St Mike’s Peace Corps students
St. Mike's ranks high as producer of Peace Corps volunteers
Peace Corps announced today that Saint Michael’s College ranked No.15 among small-size schools on the agency’s list of top volunteer-producing colleges and universities in 2019. Ten Saint Michael’s alumni currently are volunteering in countries around the world.
Saint Michael’s returns to the list of top volunteer-producing colleges after a brief absence. In 2016, Saint Michael’s ranked No. 11 among small schools. Since the Peace Corps’ founding in 1961, almost 200 alumni have served abroad as volunteers. Vermont ranks No. 2 among states with the highest number of Peace Corps volunteers per capita, with 43 volunteers currently serving worldwide.
Jeffrey Trumbower, interim vice president for academic affairs and dean at Saint Michael’s, said, “This recognition from the Peace Corps confirms what we here already know: that Saint Michael’s College is particularly good at producing graduates who think and care deeply about global issues, and who will spend productive lives at the forefront of creative problem-solving.”
By having 10 graduates currently serving as Peace Corps volunteers, Saint Michael’s ties with Skidmore, Union, Occidental, Whitworth, Furman, University of Mary Washington and Cornell College for the No. 15 spot on this year’s small-size schools list.
Peace Corps Director Jody Olsen said, “We have seen time and again that the colleges and universities that produce the most Peace Corps volunteers focus on cultivating global citizens in addition to promoting scholarship. I am proud that so many graduates of these esteemed institutions leverage their educations to make the world a better place. They bring critical skills to communities around the world and gain hands-on, life-changing experience along the way.”
Tristan Yerkes graduated from Saint Michael’s in 2016 and is serving as an education volunteer in Vanuatu – a South Pacific Ocean nation made up of roughly 80 islands that stretch more than 800 miles. “Saint Michael’s offered me a curriculum which broadened my worldview, fostered a sense of responsibility to that world, and gave me the courage to act on that responsibility. I think it does this for a lot of alumni, and Peace Corps is the logical next step,” Yerkes said.
A native of Stonington, CT, Yerkes earned his bachelor’s in psychology from Saint Michael’s in 2016, and while a student was active as a peer tutor as well as being an avid skier and musician. In Vanuatu presently he is implementing project-based learning in the classroom while helping to improve the school library and a new technology center. He also is doing teacher-training in grammar and phonics.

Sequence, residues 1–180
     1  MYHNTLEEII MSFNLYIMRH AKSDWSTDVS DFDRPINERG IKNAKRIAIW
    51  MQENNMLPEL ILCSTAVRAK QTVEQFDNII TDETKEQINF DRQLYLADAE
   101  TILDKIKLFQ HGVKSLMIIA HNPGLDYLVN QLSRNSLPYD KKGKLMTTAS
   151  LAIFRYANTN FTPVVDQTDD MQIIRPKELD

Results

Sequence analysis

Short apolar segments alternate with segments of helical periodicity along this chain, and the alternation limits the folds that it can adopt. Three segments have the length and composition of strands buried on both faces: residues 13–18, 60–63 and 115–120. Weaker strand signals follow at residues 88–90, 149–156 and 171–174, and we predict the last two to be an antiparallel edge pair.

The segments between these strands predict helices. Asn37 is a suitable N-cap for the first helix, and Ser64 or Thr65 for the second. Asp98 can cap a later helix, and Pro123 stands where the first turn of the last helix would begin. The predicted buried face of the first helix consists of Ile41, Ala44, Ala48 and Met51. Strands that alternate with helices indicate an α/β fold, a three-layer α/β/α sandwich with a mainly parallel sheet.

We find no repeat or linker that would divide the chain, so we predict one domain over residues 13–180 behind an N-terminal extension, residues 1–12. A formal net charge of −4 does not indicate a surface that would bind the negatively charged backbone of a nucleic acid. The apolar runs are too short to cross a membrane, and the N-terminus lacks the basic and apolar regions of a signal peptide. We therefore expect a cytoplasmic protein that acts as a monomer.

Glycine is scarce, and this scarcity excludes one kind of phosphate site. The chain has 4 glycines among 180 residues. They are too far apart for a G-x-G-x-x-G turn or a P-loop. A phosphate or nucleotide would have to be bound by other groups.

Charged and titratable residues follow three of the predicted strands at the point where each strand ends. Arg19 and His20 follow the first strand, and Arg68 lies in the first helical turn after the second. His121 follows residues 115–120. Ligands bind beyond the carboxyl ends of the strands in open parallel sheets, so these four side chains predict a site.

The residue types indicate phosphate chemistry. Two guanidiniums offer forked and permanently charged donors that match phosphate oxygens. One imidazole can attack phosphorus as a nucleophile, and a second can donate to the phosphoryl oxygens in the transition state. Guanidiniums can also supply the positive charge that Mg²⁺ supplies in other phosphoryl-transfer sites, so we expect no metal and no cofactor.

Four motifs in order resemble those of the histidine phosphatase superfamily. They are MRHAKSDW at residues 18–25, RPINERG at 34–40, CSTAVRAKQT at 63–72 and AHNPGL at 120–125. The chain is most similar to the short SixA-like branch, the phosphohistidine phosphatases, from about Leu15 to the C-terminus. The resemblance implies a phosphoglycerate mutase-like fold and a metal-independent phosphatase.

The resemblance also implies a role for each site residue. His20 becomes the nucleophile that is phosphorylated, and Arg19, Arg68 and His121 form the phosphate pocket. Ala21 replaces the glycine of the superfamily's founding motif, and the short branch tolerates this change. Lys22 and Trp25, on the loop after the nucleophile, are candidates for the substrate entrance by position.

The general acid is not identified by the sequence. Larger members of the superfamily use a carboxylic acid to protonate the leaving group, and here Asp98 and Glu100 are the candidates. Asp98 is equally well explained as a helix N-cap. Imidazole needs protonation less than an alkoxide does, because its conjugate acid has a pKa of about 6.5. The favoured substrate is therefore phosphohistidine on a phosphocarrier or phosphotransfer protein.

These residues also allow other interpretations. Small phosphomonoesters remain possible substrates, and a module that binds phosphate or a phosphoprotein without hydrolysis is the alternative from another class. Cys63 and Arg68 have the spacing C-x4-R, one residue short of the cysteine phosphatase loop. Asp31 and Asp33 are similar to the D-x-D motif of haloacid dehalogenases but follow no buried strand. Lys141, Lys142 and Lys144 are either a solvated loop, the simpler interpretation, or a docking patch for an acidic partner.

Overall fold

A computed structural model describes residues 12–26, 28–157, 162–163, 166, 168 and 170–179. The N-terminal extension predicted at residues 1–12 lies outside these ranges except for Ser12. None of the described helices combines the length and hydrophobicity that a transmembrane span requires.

“Critical thinking has been the most important tool during my service, and I think St. Mike’s helped me to refine my critical thinking skills during the four years I spent there,” Yerkes said. “My philosophy professor, Alison Kuklok, helped me see some of the fundamental responsibilities of a human being living in a society. This was a big part of my inspiration to join the Peace Corps.”
Yerkes would like to pursue a career in the Foreign Service after his Peace Corps service.
His favorite part of his service, Yerkes said, has been having to confront the inevitable moments of “abject failure” — “It has taught me more about myself and about Vanuatu than I could have learned otherwise,” he said.
Peace Corps Prep program at St. Mike’s
The Peace Corps in 2016 awarded a Certificate of Completion of the Peace Corps Prep program to Conor Floyd ’16, who was the first graduate of the Saint Michael’s Peace Corps Prep program that was instituted at the College in Fall 2015. While most students would work on the program requirements over the course of 2-4 years of undergraduate study, Floyd entered the program having already met the requirements through his previous course work, as well as extensive experience living and working abroad. He had volunteered as a teacher in Uganda for more than 100 hours, spent a semester abroad in India and Nepal, and done research on English language learners among the local refugee community around Saint Michael’s.
The Peace Corps Prep program is a selection of course work and co-curricular projects that are designed to provide prospective Peace Corps volunteers (PCVs) with a solid background that will help prepare them for international service should they decide to become Peace Corps volunteers after graduation. Studies and experience in foreign language, intercultural intelligence, and in a specific sector — such as education, business, health and nutrition or the environment — are required in the program.
Dan Evans of the Saint Michael’s Applied Linguistics Department, who directs the program on campus, said that after Conor Floyd finished two years ago, “we have had six students who have completed the Peace Corps Prep Program and one more graduating this spring. There are approximately 20 students currently in the program”
The Peace Corps ranks its top volunteer-producing colleges and universities annually according to the size of the student body. Rankings are calculated based on fiscal year 2018 data as of September 30, 2018, as self-reported by Peace Corps volunteers.
About the Peace Corps: The Peace Corps sends Americans with a passion for service abroad on behalf of the United States to work with communities and create lasting change. Volunteers develop sustainable solutions to address challenges in education, health, community economic development, agriculture, the environment and youth development.